If you think this year's SIFMA Technology Management Conference & Exhibit is even more crowded than past years' gatherings, you're right. However, many of the extra attendees jostling up and down the escalators at this year's event may not be looking to buy or sell technology products — many might be looking for work. Preregistration numbers from SIFMA may indicate that there are many more people looking for a job change this year than in any other year in recent memory. Last year — a very good year for financial firms until the credit crisis hit in the summer — SIFMA had about 12,000 preregistrants for the exhibits and 590 registrants for the conference sessions, according to Art Trager, VP, technology and affinity programs, SIFMA.
This year, despite a market that has seen financial services shed some 83,000 jobs to date, preregistration for the exhibits was approximately 14,000, with almost 600 registrants for the conference sessions, Trager adds, noting that many people were registering Tuesday morning and the numbers likely will go higher. "Technology is connected to every part of the business, and in this market, technology is a big part of the solution," Trager says.
One would speculate that in such a tough market, financial pros would be glued to their desks, working hard and even lying low in hopes of avoiding a possible layoff. Taking a day or two to attend a conference is probably not the best way to impress your boss. But this year, attendee numbers are undoubtedly higher.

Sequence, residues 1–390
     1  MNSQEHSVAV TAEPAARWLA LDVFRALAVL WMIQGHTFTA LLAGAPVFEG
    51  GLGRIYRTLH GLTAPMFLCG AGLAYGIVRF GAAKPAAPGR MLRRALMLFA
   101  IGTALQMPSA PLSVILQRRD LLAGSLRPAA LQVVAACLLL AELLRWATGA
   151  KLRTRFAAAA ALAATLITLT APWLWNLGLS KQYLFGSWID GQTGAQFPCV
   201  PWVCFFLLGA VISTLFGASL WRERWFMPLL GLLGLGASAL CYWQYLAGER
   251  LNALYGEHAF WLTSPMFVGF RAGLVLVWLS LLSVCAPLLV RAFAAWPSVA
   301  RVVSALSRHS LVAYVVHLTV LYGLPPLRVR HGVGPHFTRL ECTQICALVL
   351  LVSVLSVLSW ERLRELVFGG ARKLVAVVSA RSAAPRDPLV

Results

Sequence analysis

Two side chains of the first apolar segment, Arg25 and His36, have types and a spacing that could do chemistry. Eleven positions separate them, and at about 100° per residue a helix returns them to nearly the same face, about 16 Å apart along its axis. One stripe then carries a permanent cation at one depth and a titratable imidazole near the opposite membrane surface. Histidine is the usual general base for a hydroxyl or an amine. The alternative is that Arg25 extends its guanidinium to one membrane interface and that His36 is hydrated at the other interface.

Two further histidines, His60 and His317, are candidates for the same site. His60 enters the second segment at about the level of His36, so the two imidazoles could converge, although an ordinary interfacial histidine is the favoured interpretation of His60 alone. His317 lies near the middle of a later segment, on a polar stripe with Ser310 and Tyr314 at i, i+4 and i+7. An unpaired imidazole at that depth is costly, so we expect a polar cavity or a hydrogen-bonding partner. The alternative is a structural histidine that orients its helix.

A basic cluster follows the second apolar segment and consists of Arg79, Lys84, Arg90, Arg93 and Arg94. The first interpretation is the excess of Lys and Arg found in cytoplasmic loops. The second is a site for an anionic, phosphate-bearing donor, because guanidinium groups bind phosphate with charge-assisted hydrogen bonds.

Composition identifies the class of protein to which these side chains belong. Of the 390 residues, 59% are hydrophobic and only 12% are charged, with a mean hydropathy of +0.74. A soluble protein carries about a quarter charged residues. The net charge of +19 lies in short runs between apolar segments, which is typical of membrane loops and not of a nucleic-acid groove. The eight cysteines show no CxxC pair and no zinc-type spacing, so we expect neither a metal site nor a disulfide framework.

"Job seekers are always a part of this event," Trager says. "In the current market, there will probably be plenty of people looking for jobs and passing out resumes." We may never know if the additional attendees are just looking for jobs, but placement firms and recruiters all are seeing increases in financial services candidate activity.
"Yes, we are seeing more submissions of resumes" on the company's job board, says Joseph Sullivan, president and CEO of International Market Recruiters (IMR, booth #1750), a firm that specializes in placements exclusively in financial services. "We are seeing a steady flow" of resumes, says Philip Sindel, director at Olmstead Associates (booth #1806), a securities industry placement and consulting firm that works mostly with buy-side institutions. "It is definitely a steadier flow than it was last year."